Every year thousands of incoming students come to WSU ready to start a new chapter in their lives. The same goes for freshmen Emily Dwyer, who is finding her niche in cross-country running.
She said she enjoys running and has met some incredible teammates, including the person she relies on the most for advice — senior runner and women’s cross-country captain, Caroline Austin.
With all the experience and success Austin has had on and off the course, Dwyer said she sees Austin as a role model and a friend.
“She’s very welcoming and any questions you have, she’ll answer them,” Dwyer said. “She’s easy to talk to.”
Dwyer’s road to WSU started her senior year at Eastlake High School in Sammamish.
Through her high school running career, Dwyer said she wasn’t considering cross-country as an option in college. But in her senior season, she decided to give it a shot.
Emily said she contacted former WSU cross-country coach Pete Julian and was set up with an official visit to the university.
“Pete emailed me back and I went on a visit and loved it.” Dwyer said.
Another reason WSU was so appealing to Dwyer was because she said she wanted to continue her family’s legacy as a Cougar.
“My whole family pretty much came here.” Dwyer said.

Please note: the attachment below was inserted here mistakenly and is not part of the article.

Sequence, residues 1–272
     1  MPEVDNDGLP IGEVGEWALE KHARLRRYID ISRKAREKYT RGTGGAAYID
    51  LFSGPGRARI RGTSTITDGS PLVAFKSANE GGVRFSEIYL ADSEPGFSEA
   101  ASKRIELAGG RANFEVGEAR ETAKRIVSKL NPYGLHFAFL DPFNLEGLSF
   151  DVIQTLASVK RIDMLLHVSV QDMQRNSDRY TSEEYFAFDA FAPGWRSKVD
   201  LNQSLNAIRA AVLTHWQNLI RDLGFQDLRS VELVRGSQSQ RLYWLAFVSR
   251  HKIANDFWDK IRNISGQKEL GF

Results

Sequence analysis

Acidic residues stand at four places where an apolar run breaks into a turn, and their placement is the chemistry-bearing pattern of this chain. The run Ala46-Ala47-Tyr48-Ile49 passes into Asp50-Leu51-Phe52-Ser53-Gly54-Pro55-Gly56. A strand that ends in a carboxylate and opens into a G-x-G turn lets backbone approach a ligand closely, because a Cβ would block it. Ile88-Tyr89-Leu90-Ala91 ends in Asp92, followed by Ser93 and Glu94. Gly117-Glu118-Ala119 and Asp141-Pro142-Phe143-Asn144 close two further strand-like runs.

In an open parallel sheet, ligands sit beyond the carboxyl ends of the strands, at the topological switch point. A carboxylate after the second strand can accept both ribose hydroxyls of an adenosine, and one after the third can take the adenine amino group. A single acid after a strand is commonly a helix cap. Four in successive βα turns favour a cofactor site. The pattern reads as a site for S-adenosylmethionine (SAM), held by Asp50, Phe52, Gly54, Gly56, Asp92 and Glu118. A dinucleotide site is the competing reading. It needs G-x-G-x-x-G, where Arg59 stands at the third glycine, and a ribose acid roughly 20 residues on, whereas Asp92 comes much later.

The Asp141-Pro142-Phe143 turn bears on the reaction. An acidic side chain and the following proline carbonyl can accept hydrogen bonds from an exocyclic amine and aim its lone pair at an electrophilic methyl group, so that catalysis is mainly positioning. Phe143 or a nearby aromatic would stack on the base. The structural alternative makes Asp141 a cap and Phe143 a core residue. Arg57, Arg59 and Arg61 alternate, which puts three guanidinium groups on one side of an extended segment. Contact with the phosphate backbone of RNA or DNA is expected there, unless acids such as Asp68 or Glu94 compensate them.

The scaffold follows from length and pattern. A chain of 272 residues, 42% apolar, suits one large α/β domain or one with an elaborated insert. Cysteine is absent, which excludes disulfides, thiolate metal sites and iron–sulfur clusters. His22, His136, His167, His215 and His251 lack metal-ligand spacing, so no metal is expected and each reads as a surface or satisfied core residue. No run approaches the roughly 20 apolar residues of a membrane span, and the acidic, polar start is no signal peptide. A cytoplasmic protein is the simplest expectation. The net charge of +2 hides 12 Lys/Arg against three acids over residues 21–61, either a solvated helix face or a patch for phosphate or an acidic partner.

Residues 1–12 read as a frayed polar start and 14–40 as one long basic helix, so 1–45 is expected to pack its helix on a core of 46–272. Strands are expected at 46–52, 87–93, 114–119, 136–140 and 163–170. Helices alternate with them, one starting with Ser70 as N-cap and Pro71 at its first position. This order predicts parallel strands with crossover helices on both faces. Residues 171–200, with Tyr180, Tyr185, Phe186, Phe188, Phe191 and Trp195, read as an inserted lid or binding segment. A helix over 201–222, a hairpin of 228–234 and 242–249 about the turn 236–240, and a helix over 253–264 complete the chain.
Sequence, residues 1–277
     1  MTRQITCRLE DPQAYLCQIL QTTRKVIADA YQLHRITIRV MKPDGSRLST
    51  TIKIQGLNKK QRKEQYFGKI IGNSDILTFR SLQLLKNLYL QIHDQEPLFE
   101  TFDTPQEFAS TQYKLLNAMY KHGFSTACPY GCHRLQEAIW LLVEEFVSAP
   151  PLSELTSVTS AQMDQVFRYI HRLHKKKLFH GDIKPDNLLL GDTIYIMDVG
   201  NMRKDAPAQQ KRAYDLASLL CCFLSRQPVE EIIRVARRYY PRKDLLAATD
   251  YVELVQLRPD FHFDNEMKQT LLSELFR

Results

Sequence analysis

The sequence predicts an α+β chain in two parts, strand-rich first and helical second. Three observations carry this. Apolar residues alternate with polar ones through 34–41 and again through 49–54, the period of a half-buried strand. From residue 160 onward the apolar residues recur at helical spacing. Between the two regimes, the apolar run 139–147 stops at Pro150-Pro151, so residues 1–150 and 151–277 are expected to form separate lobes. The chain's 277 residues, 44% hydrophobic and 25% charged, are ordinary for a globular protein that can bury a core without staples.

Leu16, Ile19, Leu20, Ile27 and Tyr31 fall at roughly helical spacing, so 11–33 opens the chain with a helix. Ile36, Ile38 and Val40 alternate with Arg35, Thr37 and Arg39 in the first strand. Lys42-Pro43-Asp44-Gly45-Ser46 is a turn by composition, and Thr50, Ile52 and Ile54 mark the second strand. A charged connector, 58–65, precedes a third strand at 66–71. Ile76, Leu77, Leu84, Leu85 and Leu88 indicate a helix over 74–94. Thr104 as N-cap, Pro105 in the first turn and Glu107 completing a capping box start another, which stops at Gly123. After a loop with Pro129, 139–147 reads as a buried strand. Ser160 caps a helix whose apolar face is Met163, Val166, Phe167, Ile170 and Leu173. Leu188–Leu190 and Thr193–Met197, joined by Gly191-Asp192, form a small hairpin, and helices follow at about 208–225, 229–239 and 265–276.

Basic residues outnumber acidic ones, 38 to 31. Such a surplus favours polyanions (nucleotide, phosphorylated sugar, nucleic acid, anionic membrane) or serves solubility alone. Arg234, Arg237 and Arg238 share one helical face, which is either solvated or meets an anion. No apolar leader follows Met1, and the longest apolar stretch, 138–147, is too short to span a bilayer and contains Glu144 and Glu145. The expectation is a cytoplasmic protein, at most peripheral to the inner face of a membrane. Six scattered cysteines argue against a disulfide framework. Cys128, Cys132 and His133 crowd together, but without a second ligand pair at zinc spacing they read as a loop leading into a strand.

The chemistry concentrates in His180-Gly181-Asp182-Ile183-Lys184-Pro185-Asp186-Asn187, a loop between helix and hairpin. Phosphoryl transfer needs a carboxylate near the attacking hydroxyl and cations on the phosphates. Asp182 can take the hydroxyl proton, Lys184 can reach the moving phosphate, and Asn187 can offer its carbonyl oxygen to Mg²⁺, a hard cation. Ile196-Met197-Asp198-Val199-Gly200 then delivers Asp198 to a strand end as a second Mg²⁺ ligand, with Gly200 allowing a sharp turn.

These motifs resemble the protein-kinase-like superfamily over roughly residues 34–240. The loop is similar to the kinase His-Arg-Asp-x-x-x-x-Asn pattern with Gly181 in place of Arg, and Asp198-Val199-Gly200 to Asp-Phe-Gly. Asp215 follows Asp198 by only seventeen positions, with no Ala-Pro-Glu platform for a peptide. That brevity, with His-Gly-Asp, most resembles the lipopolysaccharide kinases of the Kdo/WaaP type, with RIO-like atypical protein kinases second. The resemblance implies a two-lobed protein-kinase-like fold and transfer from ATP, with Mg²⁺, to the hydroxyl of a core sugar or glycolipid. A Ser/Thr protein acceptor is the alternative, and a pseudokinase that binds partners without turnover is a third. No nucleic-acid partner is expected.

Dwyer's brother, Steve, used to run for WSU and graduated in 2002. He first introduced Dwyer to the sport she now loves.
“My brother was a runner and a decathlete,” Dwyer said. “My sister and I decided to try long distance running.”
Dwyer started competing in long distance running through a running club in seventh grade and won her first race in ninth grade for the junior varsity cross-country team and turned into a star long-distance runner for Eastlake High School, shattering multiple school track records.
Now making the transition from high school long-distance running to the Pac-12, Emily is already starting to make her mark at the university.
Dwyer ran in the 6k WCC Preview Meet in Portland, Ore., last Saturday, which was the longest race of her career. Dwyer was able to finish in 29th place against runners from top schools, such as Gonzaga and Chico State, and ran the second-best time out of all the WSU women runners competing in the race.
“I was just focusing on getting through the 6k,” Dwyer said.
The biggest adjustment Dwyer said she has made while running at WSU is getting used to the level of competition in division-one.
Other than that, Dwyer said that she is able to handle the training and is developing a routine that is helping her survive her first year of college.